The day was hot but windy, and my eyes were being continuously attacked by specks of dirt and plant matter. The lines for the shuttle buses between the embassies were very long, which is why we decided to skip the UK and take the Metro to Van Ness and visit the Slovak embassy. Central Europe – Austria, Hungary, the Czech Republic and Slovakia – are based much further to the north than the rest of the EU, in another cluster of chanceries which also includes Israel, Pakistan, Bangladesh, Egypt, Nigeria, and the United Arab Emirates. It appeared that there was a long line for Austria and no line at all for Slovakia (it turned out that the line was for the shuttle bus). But Slovakia was nice, children in national dress handed us helpings of dumplings and sauerkraut, a traditional band played, arts were on display, and the backyard had a Friends of Slovakia Wall of Honor. I had my picture taken with it, as a friend of Slovakians (and housemate of one of them). Slovakia’s best friend, however, is US Steel, which was honored on about half of 50 or so plaques. We went back for more dumplings. Slovakia had limited tourist information – mostly about its skiing – and not much about alternative energies. Robert Fico’s government has decided not to close old nuclear plants near the Austrian border that Slovakia was supposed to shutter when they gained entry to the European Union. Austria was not pleased.

With plates of dumplings and sauerkraut in hand, we moved on to Austria, where we surprised by the lack of the line. Given what the people downtown were experiencing, we had clearly made an enlightened decision in coming to spend our time with Central Europe. However, there might have been one good reason Austria had no line – they were already out of strudel. But I didn’t mind, because there was still free wine, free coffee, free information on master’s programs in History of South-Eastern Europe and free tourist publications about hiking in Tirol, which has many gorgeous mountain landscapes and women.

The bus line was still endless, so we followed a bevy of chattering Fräuleins back towards Connecticut Avenue, where Cory left us to go read at his restaurant before his shift. Ben and I continued on foot down the hill to the edge of Rock Creek Park, where the Hungarians and Czechs have embassies on Spring of Freedom Lane. Outside the Hungarian embassy lounged a number of fine specimens of the Kuvasz, a beautiful white Hungarian dog, and the Vizsla, a less beautiful in my opinion but apparently also nice Hungarian breed. Inside we saw displays of lace and china, and a couple performed a Hungarian dance in traditional dress. The couple then offered to teach the dance; I was more interested in the goulash and wine but at this embassy you had to pay for the food. Perhaps wisely, given that Hungary has been the subject of an IMF rescue since 2008.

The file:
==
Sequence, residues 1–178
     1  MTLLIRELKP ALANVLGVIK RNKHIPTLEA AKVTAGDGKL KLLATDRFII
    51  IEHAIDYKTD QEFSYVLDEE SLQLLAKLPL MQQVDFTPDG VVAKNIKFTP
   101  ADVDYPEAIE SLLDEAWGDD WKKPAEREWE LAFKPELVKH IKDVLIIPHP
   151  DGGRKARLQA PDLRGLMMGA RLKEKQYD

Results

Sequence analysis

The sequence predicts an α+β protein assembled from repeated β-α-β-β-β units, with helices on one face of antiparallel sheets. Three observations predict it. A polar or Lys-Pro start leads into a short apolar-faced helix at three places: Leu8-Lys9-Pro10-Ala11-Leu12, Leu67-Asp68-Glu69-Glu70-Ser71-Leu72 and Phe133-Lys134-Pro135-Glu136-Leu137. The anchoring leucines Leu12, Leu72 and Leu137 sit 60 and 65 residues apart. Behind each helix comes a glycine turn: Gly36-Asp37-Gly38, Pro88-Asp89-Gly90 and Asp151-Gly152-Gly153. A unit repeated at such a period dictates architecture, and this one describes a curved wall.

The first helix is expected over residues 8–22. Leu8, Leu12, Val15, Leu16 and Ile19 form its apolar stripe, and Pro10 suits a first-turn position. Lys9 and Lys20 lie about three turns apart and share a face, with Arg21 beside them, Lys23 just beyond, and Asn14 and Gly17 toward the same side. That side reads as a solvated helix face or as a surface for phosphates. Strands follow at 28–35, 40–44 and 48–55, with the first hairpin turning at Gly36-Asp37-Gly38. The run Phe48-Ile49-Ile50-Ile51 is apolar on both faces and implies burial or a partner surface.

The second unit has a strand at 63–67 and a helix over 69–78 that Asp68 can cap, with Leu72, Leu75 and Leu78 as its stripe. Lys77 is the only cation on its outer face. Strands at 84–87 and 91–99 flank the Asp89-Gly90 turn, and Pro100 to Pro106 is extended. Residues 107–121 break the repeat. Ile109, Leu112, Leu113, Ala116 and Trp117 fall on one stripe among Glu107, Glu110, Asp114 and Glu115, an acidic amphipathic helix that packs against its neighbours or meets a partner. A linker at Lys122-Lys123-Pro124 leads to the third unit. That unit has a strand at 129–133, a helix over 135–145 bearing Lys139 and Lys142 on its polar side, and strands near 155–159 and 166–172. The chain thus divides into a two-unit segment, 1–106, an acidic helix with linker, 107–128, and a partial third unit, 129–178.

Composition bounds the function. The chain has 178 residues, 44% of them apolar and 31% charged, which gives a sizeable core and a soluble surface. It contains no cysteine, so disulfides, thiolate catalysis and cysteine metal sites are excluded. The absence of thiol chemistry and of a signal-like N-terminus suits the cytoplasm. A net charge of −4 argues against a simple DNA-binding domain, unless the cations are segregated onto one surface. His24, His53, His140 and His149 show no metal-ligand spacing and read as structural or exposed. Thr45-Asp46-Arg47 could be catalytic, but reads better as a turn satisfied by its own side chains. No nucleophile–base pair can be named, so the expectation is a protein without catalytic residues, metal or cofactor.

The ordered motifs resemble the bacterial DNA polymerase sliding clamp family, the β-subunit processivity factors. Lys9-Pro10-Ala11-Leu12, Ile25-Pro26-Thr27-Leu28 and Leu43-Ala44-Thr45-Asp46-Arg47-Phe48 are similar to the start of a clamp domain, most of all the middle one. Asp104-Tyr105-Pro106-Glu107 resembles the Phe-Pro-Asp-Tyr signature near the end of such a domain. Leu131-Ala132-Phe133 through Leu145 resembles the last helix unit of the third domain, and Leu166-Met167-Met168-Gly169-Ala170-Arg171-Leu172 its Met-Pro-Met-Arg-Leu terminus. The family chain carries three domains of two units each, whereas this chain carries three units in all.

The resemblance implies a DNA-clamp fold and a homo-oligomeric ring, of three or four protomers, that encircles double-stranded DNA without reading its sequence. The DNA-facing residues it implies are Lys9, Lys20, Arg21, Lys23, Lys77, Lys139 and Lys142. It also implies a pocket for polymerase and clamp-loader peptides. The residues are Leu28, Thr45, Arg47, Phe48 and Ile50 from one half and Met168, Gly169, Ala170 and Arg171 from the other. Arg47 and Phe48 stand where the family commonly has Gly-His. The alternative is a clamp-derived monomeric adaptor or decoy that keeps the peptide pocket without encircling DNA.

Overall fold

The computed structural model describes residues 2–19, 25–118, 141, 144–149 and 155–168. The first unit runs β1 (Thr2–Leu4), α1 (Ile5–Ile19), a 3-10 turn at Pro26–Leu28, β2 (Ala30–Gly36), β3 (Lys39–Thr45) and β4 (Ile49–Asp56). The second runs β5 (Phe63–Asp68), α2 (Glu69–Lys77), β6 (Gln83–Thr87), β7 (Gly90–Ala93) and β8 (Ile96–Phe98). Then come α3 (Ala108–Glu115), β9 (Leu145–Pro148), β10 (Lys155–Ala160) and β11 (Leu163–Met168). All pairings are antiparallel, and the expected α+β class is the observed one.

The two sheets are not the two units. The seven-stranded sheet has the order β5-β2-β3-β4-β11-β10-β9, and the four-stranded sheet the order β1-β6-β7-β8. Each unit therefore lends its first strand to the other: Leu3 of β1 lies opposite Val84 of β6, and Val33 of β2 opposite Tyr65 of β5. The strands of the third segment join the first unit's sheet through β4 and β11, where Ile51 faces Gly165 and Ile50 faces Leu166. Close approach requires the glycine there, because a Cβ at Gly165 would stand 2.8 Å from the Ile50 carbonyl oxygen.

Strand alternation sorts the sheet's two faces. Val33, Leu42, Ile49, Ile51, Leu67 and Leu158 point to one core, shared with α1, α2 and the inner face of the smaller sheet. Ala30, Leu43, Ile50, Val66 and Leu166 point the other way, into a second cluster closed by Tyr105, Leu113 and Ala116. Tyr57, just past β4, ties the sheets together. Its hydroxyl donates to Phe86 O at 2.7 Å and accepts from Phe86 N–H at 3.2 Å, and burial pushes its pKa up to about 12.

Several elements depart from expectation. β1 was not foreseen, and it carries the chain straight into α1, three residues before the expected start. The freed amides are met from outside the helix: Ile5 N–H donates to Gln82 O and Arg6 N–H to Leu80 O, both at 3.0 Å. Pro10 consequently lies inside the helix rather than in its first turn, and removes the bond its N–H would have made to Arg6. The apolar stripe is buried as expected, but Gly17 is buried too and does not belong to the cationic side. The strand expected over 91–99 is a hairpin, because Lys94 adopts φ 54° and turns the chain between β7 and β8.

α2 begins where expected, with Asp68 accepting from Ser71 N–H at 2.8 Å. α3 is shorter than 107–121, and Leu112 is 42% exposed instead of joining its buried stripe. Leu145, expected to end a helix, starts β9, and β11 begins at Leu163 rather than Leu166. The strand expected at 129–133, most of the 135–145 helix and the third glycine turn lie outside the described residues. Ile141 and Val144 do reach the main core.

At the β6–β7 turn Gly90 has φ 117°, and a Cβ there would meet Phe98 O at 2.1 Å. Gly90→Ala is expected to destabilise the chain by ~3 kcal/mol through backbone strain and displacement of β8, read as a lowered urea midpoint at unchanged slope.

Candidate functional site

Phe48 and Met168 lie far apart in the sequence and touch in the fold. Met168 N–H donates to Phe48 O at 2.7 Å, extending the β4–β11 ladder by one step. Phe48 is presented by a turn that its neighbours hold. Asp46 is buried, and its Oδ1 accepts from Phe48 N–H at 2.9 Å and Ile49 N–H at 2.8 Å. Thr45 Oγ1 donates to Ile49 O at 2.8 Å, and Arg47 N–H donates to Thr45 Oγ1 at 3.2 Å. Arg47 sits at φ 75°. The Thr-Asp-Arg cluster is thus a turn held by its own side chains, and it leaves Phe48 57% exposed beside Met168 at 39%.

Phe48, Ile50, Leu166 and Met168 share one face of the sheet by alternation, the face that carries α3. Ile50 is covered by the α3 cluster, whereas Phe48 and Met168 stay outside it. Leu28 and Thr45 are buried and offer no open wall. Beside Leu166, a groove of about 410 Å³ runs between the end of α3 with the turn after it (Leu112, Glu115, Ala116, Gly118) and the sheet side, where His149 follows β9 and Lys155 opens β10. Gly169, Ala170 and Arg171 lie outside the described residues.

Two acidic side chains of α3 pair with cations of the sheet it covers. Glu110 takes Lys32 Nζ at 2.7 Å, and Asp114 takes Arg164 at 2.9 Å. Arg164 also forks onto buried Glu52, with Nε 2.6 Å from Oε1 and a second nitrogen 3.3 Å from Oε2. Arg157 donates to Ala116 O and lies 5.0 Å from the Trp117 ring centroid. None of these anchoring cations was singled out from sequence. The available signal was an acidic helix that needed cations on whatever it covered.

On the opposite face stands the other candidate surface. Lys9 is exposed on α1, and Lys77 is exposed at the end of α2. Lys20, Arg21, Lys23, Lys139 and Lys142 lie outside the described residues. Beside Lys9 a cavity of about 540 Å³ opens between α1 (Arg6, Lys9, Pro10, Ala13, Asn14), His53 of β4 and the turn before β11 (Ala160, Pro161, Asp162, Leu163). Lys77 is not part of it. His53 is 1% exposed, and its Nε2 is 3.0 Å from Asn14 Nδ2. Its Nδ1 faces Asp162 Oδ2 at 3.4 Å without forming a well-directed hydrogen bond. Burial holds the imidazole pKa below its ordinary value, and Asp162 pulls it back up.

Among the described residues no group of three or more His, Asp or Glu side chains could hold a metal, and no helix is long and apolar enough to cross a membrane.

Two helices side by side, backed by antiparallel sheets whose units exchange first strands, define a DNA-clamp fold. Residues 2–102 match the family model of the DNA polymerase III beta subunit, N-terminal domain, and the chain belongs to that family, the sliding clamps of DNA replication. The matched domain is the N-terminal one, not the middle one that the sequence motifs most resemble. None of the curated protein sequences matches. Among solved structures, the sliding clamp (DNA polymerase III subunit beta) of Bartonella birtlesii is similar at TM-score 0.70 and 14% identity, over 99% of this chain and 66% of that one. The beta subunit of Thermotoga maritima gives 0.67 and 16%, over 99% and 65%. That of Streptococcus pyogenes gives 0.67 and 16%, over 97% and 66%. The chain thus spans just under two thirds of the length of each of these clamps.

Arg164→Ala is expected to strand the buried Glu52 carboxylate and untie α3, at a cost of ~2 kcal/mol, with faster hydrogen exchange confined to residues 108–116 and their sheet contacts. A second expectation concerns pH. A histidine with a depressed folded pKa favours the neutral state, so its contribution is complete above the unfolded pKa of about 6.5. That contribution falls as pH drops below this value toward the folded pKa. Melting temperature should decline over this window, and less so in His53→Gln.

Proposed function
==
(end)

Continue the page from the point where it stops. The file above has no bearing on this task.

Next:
We walked back up the hill to the Czech campus. Young women in traditional dress greeted us at the entry, we moved through the building without spending much time with the modern Czech designs on display to get the free beer – a generous full glass of Pilsner Urquell rather than an ounce of booze like most samples today. We sat on the sunny hill with many others, drinking our afternoon beers, and watched a cluster of red, white and blue balloons escape into the sky. We just missed getting to go up the path to tour the ambassador’s residence as a woman put a chain across the gate as the clock struck 4.

Enough European embassies for the day, I suppose. I took the Metro home with several pounds worth of tourist pamphlets and informational booklets wrapped inside my jackets and passed out on the couch. If I’m still in Washington next May, I will definitely embark on another day of touring the embassies of the European Union. As long as the European Union is still here then… (don’t panic, it will be).

Penguin Revolutions

The blog has a new title, and I will be finished with graduate school in 5 days, essentially, so you should be hearing more from me. The Penguin Revolutions is what some dubbed the January 2009 protest that led to the ouster of Ivar Godmanis' government in Latvia in February, the first government to fall in our global financial crisis. The prime minister had told citizens to huddle together to get through the economic turmoil, as penguins huddle together for warmth to get through the cold winter. They followed the instructions, huddling together outside the parliament and throwing snowballs and cobblestones through windows.